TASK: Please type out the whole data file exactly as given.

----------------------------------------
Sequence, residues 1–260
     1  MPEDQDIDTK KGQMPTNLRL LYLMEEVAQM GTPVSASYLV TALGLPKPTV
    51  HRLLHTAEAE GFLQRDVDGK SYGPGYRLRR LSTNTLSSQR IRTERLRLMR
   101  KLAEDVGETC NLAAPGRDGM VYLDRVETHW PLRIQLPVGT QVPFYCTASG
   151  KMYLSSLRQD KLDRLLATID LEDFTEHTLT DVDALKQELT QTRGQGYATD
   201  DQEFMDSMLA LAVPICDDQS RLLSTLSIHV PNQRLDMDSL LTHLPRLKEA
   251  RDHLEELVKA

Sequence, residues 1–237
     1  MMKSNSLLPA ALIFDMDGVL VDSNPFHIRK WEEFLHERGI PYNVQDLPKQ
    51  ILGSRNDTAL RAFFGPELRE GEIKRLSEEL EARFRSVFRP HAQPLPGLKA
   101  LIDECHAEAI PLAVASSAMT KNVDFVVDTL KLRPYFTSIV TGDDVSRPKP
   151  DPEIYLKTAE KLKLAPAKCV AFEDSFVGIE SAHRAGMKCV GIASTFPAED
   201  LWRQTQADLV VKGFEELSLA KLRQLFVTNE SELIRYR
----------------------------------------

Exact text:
Sequence, residues 1–260
     1  MPEDQDIDTK KGQMPTNLRL LYLMEEVAQM GTPVSASYLV TALGLPKPTV
    51  HRLLHTAEAE GFLQRDVDGK SYGPGYRLRR LSTNTLSSQR IRTERLRLMR
   101  KLAEDVGETC NLAAPGRDGM VYLDRVETHW PLRIQLPVGT QVPFYCTASG
   151  KMYLSSLRQD KLDRLLATID LEDFTEHTLT DVDALKQELT QTRGQGYATD
   201  DQEFMDSMLA LAVPICDDQS RLLSTLSIHV PNQRLDMDSL LTHLPRLKEA
   251  RDHLEELVKA

Sequence, residues 1–237
     1  MMKSNSLLPA ALIFDMDGVL VDSNPFHIRK WEEFLHERGI PYNVQDLPKQ
    51  ILGSRNDTAL RAFFGPELRE GEIKRLSEEL EARFRSVFRP HAQPLPGLKA
   101  LIDECHAEAI PLAVASSAMT KNVDFVVDTL KLRPYFTSIV TGDDVSRPKP
   151  DPEIYLKTAE KLKLAPAKCV AFEDSFVGIE SAHRAGMKCV GIASTFPAED
   201  LWRQTQADLV VKGFEELSLA KLRQLFVTNE SELIRYR